A little over a year ago, my nine year old Queensland Heeler Biscuit came down with an illness that left her emaciated and weak. She had some infection that attacked her pancreas, liver and kidneys and left her with diabetes. For over a month we nursed her as if she was our child, sleeping on the living room floor so we could get up throughout the night to take her out, hoping she wouldn’t barf up the food and medicine we’d plied into her over the course of the day.
She got so skinny her collar and harness just hung on her, she got so weak my husband had to carry her up and down the stairs of our apartment, and set her in the car to go to the vet. We racked up a $1300 vet bill within a few days.
The important thing was, she got well, back to her old self, even a little stronger. The diabetes had been sneaking up on her for a while, but with the insulin and a strict diet, she really got strong again. She just had a check up two weeks ago and the doc said she was doing great. They really like her down there, because she likes them. When she goes in the front door she always barks really loud until one of the staff acknowledges her, and her tail swings back and forth across the magazine stand, wop-wop-wop.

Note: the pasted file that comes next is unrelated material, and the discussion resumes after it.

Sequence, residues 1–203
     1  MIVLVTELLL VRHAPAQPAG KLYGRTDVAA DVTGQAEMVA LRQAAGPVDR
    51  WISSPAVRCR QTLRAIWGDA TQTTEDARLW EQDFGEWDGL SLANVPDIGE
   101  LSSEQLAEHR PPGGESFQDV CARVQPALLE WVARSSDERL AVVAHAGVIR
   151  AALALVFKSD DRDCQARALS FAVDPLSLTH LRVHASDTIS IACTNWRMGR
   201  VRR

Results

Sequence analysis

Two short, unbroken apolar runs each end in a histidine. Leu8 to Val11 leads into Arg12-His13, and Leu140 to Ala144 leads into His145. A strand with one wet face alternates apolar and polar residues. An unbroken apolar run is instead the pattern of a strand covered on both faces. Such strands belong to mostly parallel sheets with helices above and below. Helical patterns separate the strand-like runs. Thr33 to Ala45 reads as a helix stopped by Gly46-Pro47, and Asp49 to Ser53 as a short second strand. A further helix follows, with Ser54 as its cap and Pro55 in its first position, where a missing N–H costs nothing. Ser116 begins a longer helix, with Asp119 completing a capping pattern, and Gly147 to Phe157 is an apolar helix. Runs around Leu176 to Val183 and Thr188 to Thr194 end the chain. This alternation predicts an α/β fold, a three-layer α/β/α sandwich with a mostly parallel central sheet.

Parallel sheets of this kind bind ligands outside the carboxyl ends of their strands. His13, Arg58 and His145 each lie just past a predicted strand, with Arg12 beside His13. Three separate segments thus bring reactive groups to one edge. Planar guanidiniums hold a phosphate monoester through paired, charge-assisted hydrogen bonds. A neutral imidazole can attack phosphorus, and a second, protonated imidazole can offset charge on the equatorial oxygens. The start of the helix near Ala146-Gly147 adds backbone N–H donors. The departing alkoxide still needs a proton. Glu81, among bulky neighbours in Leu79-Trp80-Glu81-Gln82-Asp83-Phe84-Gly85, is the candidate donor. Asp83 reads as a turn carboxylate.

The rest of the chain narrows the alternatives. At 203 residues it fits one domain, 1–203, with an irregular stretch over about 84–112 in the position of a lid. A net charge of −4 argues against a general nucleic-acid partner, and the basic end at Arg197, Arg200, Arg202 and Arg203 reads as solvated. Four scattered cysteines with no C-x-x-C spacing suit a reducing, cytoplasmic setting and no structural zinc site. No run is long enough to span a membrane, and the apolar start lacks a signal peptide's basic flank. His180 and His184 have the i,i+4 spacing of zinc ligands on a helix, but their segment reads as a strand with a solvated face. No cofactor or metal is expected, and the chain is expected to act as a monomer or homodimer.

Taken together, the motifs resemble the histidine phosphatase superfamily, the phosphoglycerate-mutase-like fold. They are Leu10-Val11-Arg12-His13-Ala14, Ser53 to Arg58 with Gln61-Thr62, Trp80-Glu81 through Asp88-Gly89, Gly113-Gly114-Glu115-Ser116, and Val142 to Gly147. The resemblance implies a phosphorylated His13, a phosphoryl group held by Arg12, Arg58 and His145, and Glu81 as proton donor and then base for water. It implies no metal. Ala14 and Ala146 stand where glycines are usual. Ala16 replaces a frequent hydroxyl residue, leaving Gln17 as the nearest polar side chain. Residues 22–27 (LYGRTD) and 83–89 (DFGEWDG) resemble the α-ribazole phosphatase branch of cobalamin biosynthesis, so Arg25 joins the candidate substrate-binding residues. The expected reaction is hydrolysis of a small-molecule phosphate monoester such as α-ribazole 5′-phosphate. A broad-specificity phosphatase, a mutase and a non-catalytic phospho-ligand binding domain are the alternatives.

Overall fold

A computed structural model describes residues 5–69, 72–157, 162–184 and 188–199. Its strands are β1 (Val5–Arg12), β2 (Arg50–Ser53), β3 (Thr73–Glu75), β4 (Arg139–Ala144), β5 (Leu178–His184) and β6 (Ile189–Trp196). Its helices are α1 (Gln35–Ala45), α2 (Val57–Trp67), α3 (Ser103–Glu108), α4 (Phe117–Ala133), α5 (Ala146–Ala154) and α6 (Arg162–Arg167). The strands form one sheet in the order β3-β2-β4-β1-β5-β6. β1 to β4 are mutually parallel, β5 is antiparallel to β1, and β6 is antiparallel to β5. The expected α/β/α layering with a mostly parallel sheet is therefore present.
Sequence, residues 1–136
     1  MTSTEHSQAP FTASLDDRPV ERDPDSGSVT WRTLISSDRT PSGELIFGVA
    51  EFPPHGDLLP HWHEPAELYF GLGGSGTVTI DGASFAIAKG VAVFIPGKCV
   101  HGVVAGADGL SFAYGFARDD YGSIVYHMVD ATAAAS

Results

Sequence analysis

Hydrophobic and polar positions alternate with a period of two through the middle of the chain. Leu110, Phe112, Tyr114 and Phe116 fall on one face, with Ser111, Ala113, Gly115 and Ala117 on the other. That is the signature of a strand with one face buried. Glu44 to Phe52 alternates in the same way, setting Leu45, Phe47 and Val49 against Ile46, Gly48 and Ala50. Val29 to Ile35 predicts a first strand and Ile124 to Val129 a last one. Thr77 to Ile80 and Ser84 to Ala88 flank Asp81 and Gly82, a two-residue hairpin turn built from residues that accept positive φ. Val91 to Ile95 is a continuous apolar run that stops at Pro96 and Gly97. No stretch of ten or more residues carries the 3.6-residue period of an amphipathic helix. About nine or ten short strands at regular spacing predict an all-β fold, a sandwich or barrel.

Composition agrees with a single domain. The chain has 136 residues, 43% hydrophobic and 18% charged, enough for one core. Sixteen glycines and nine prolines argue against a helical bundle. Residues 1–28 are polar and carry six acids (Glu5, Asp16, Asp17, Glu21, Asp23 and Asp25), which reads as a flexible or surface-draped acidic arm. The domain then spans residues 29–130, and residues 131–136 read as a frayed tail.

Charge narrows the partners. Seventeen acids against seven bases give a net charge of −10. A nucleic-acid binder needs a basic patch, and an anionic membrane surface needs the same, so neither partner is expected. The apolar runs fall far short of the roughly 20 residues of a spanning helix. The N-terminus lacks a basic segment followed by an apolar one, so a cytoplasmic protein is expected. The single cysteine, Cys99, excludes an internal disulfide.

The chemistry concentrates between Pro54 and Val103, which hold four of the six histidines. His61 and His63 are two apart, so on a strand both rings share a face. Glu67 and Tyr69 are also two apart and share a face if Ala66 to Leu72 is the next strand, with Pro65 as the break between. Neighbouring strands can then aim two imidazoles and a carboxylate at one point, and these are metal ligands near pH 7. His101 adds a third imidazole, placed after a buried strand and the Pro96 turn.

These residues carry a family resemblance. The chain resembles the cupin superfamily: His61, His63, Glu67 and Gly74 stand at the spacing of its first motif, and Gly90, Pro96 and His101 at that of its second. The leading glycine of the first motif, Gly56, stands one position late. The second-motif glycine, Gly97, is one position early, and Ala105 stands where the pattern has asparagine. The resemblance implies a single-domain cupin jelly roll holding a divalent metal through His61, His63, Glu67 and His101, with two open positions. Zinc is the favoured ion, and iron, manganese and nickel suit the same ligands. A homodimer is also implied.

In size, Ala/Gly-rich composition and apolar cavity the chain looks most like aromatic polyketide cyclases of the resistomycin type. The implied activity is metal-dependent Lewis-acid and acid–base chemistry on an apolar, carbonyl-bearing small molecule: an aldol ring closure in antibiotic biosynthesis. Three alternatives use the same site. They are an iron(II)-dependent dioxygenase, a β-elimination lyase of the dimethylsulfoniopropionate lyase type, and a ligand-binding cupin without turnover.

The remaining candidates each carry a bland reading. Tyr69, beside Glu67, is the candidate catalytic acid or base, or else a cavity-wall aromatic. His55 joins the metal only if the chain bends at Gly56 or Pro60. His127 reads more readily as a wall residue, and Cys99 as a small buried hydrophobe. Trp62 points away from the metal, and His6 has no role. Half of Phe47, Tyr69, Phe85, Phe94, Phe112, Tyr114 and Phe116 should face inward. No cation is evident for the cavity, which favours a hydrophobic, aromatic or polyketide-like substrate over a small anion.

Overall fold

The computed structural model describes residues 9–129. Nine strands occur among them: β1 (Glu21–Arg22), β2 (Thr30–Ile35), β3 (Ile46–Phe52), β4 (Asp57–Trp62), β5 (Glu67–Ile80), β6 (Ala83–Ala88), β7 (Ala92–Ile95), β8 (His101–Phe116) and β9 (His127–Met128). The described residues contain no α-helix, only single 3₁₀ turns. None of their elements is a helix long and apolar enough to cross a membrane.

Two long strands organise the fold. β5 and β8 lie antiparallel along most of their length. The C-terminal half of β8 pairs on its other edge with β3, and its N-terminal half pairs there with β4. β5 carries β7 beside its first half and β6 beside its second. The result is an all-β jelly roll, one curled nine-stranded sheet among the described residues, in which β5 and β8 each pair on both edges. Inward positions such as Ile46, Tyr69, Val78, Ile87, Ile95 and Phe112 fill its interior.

Yeah, everything was just great, until Sunday, when it seemed to be starting all over again. She barfed her breakfast, didn’t want dinner, ate it anyway, and barfed in the middle of the night. Like five times.
I kept telling myself, she ate something weird, she drank creek water – I was secretly angry at my husband, wishing he would stop taking her to Bidwell Park every morning, where I believe(d?) she got laptospirosis, a virus that is prevalent in skank water.
So we waited out a very scary night and we called the vet first thing in the morning. She couldn’t see Biscuit until 11 am – I had been awake since 12 am, when she first cried to be let out, I couldn’t go back to sleep. My husband had slept fitfully, waking with a start at any noise. We both felt like an old plate of crap.
The doc gave her a shot that would help her eat – anti-nausea – and sent home a pack of anti-nausea pills. The shot helped her feel better, but we still had to spoon feed her and hold her mouth shut, rub her throat to get her to eat. It took us two hours to get a cup of food in her, and that meant we could give her a half a dose of insulin. Then she started to feel better. But, we still had to force feed her dinner.
And now, at 6:07 am, I am getting ready to shove that pill down her throat, so I can force feed her some more food. This is the routine that worked a year ago, so I am resolved to do it again.
The vet took some tests to find out the cause of Biscuit’s relapse, but told us, with diabetics, the major organs eventually go. Frankly, Doc didn’t seem to think it was Biscuit’s time to go, and neither do we, so here we go again.